Difference between revisions of "07081300/Class notes for Tuesday, February 26"
(→A Homology Theory is a Monster) 

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We have previously shown that  We have previously shown that  
−  1) <math>H_p(\cup X) = \oplus H_p(X_i)</math> for disjoint unions of spaces <math>X_i</math>  +  ''1) <math>H_p(\cup X) = \oplus H_p(X_i)</math> for disjoint unions of spaces <math>X_i</math> 
2) <math>H_p(pt) = \mathbb{Z}\delta_{p0}</math>  2) <math>H_p(pt) = \mathbb{Z}\delta_{p0}</math>  
Line 48:  Line 48:  
''Axiomized Homology''  ''Axiomized Homology''  
−  We now will move to an approach where we prove that our defined homology satisfies a series of established homology axioms that will allow us to apply the machinery of general homology to our specific "singular" homology defined via  +  We now will move to an approach where we prove that our defined homology satisfies a series of established homology axioms that will allow us to apply the machinery of general homology to our specific "singular" homology defined via simplexes. 
Axiom 0) Homology if a function  Axiom 0) Homology if a function  
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Thus, for <math>c\in H_p(C_*)</math> get <math>fc\in H_p(D_*)</math> via the well defined functor <math>f_*</math>.  Thus, for <math>c\in H_p(C_*)</math> get <math>fc\in H_p(D_*)</math> via the well defined functor <math>f_*</math>.  
+  
+  
+  ===Second Hour===  
+  
+  '''1) Homotopy Axioms'''  
+  
+  If <math>f,g:X\rightarrow Y</math> are homotopic then <math>f_* = g_*: H_p(X)\rightarrow H_p(Y)</math>  
+  
+  
+  Applications: If X and Y are homotopy equivalent then <math>H_*(X) \cong H_*(Y)</math>  
+  
+  ''Proof:''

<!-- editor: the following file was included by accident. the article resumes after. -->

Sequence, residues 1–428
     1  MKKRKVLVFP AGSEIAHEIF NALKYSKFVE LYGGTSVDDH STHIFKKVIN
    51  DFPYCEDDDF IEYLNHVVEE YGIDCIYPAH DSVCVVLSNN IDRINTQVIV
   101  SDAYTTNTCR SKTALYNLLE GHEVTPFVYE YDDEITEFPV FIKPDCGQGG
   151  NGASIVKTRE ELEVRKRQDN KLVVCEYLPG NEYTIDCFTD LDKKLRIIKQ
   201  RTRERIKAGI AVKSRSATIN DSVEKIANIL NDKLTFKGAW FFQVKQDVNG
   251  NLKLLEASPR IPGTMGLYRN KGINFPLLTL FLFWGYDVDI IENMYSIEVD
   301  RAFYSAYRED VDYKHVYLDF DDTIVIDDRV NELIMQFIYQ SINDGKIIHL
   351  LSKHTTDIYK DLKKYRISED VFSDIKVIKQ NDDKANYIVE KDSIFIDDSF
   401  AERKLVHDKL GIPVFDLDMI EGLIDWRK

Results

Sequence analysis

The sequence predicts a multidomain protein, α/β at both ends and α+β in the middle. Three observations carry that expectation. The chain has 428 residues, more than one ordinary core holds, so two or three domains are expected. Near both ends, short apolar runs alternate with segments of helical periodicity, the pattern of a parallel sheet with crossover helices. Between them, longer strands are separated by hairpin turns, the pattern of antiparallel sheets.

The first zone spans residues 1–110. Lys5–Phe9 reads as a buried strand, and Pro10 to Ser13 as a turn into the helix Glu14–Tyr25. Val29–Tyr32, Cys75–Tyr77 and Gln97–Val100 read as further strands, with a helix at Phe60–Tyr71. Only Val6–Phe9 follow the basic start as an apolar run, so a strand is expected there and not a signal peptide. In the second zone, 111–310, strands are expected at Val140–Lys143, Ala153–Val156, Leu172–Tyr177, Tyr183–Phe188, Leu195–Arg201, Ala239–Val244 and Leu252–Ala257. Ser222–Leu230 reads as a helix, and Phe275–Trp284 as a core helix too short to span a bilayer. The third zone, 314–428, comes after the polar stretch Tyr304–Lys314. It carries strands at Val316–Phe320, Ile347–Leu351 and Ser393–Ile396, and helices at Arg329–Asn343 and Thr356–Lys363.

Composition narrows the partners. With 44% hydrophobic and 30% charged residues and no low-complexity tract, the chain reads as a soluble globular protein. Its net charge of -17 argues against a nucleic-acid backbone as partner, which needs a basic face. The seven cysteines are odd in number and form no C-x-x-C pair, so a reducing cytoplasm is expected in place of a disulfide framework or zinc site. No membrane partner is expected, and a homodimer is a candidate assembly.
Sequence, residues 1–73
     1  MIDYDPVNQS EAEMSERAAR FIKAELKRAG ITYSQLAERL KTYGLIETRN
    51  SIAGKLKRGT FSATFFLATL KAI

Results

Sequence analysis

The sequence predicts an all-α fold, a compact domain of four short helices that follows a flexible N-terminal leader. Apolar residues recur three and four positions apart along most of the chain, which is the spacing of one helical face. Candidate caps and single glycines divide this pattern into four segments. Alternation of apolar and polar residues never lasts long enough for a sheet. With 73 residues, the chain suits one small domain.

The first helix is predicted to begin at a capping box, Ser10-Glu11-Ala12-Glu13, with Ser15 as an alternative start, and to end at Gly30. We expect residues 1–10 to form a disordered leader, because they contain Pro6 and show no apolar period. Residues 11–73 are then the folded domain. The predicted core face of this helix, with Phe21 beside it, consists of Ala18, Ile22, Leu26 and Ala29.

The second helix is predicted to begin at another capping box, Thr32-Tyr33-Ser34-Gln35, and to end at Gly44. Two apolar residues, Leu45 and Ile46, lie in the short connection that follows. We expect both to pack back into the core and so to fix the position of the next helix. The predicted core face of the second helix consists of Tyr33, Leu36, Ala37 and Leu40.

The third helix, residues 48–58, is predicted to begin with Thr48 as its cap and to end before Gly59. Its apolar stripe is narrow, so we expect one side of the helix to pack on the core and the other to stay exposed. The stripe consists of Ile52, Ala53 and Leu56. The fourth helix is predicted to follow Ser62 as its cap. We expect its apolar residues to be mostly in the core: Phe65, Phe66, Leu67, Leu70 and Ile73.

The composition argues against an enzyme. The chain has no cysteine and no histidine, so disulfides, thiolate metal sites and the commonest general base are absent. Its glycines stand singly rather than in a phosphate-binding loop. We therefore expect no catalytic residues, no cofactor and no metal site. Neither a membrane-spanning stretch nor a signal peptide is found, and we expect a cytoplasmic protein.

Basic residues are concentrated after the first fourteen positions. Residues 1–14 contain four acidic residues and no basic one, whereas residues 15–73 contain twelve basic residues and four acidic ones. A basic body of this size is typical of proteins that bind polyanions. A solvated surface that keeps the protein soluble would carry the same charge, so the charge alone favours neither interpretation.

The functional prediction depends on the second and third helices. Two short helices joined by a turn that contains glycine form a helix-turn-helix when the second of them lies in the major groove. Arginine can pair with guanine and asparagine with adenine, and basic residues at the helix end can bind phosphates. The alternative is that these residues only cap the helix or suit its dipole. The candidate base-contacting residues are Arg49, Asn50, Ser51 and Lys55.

+  
+  let <math>f:X\rightarrow Y</math>, <math>g:Y\rightarrow X</math> such that <math>f\circ g\sim id_y</math> and <math>g\circ f \sim id_x</math>. Well <math>f_*\circ g_* = id_{H(Y)}</math> and <math>g_*\circ f_* = id_{H(X)}</math>  
+  
+  Hence, <math>f_*</math> and <math>g_*</math> are invertible maps of each other. ''Q.E.D''  
+  
+  
+  '''Definition'''  
+  
+  Two morphisms <math>f,g:C_*\rightarrow D_*</math> between chain complexes are ''homotopic'' if you can find maps <math>h_p:C_p\rightarrow D_{p+1}</math> such that <math>f_p  g_p = \partial_{p+1} h_p = h_{p1}\partial_p</math>  
+  
+  
+  '''Claim 1'''  
+  
+  Given H a homotopy connecting f<math>,g:X\rightarrow</math> Y we can construct a chain homotopy between <math>f_*,g_*:C_*(X)\rightarrow C_*(</math>Y)  
+  
+  
+  '''Claim 2'''  
+  
+  If <math>f,g:C_*\rightarrow C_*</math> are chain homotopic then they induce equal maps on homology.  
+  
+  
+  
+  ''Proof of 2''  
+  
+  Assume <math>[c]\in H_p(C_*)</math>, that is, <math>\partial c =0</math>  
+  
+  <math>[f_* c]  [g_* c] = [(f_*g_*)] =[(\partial h + h\partial)c] = 0</math> (as <math>\partial c = 0</math> and homology ignores exact forms)  
+  
+  Hence, at the level of homology they are the same.  
+  
+  
+  ''Proof of 1''  
+  
+  Consider a simplex in X. Now consider its image, a simplex, in Y under g and f respectively. Because of the homotopy we can construct a triangular based cylinder in Y with the image under f at the top and the image under y at the bottom.  
+  
+  Define <math>h\sigma</math> = the above prism formed by <math>\sigma</math> and the homotopy H.  
+  
+  <math>(f_*g_*)\sigma = h\partial\sigma = \partial h\sigma</math>  
+  
+  This, pictorially is correct but we need to be able to break up the prism, <math>\Delta_p\times I</math> into a union of images of simplexes.  
+  
+  Suppose p=0, i.e. a point. Hence <math>\Delta_0\times I</math> is a line, which is a simplex.  
+  
+  Suppose p=1 which yields a square. Adding a diagonal divides the square into two triangles, so is clearly a union of simplexes.  
+  
+  Suppose p=2. We get a prism which has a triangle for a base and a top. Raise each vertex on the bottom to the top in turn. This makes the prism a union of three simplexes.  
+  
+  In general for <math>\Delta_p\times I</math> let <math>f_i = (l_i,0)</math> and <math>g_i = (l_i,1)</math> for vertexes <math>l_i</math>  
+  
+  Then, <math>h\sigma = \sum_{i=0}^p (1)^i H\circ(\sigma\times I)\circ[f_0\cdots f_i g_i g_{i+1}\cdots g_p]</math>  
+  
+  which is in <math>C_{p+1}(Y)</math>  
+  
+  So have maps <math>Y\leftarrow_H X\times I\leftarrow \Delta_p\times I \leftarrow\Delta_{p+1}</math>